Singing cactus wins courtroom victory in copyright clash

Children’s TV star Kishkashta the singing cactus issued injunctions preventing Olympic Committee from using prickly pear mascot.

February 7, 2012 02:19
1 minute read.

KISHKASHTA_390. (photo credit: Oren Golan)


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One of the country’s most barbed legal battles came to a sharp conclusion late Sunday evening, when the Tel Aviv District Court ruled in favor of children’s TV star Kishkashta the singing cactus, and issued injunctions preventing the Israel Olympic Committee (IOC) from using Shpitzik, its prickly pear mascot.

The ruling came after Israel Educational Television, which owns the rights to Kishkashta, filed an urgent request with the Tel Aviv District Court asking that the IOC be prevented from using Shpitzik, which it has chosen as Israel’s mascot in the London Olympics this summer.

Israel Educational Television argued that Kishkashta, who made his first TV appearances in the 1970s, as part of the children’s show Ma Pit’om! (What on earth!), is an original artistic work and is therefore protected by copyright.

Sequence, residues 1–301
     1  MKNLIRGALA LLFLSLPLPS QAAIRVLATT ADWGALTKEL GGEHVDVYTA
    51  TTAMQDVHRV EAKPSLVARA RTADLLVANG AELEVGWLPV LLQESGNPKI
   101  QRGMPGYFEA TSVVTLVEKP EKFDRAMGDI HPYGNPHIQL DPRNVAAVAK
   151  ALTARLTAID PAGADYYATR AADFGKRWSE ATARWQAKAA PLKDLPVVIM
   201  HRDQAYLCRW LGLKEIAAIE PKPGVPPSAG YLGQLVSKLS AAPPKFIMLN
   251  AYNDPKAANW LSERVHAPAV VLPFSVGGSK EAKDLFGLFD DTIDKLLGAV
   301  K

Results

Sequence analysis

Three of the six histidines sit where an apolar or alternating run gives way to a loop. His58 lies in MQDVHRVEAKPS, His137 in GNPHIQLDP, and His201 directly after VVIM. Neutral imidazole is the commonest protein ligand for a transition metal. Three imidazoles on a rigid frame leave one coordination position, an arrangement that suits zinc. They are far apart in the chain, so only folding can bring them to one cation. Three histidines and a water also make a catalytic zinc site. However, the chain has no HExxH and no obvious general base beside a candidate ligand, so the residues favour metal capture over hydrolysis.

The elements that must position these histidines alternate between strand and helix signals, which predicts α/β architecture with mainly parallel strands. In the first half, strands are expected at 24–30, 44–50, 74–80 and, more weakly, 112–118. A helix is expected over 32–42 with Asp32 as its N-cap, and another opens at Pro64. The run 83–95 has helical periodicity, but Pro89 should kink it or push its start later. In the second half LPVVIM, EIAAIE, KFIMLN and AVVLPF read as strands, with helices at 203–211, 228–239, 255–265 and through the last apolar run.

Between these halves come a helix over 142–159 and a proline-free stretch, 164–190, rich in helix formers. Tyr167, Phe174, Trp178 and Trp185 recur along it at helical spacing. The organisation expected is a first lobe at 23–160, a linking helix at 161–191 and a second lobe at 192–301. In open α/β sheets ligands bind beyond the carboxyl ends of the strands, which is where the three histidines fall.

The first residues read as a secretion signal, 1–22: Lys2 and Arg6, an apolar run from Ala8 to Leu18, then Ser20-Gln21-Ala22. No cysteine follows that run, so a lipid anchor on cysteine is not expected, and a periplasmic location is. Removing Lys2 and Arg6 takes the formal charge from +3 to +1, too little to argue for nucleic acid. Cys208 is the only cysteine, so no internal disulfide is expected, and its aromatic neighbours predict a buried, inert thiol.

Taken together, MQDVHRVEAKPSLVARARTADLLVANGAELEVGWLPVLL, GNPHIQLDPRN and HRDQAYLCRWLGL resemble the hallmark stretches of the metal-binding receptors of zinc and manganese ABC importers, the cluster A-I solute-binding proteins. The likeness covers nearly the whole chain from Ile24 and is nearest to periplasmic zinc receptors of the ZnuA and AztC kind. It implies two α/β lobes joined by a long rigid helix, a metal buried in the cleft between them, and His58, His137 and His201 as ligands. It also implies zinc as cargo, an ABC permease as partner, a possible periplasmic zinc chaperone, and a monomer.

In a detailed ruling spanning 27 pages and including several photographs of both Kishkashta and his controversial desert plant relative, Deputy Court President Judge Gideon Ginat concluded that Shpitzik had violated Kishkashta’s copyright.

The judge ruled that the IOC may not use any form of Shpitzik and also ordered it to pay Israel Educational Television’s court costs of NIS 50,000.

“At the end of the day, it seems to me that on the basis of the data presented to me, [the IOC] took a well-known and well-recognized character and made use of it, by adding elements and minor changes and another nickname, for his own purposes,” Ginat said.

In reaching his conclusion, Ginat employed extensive citations from US and UK case law concerning similar copyright claims, although none of those involved cacti.

Spokeswoman Bruria Bigman told The Jerusalem Post on Monday the IOC had “received the verdict and is studying it.”

Israel Educational Television did not respond by press time to a request for comment.

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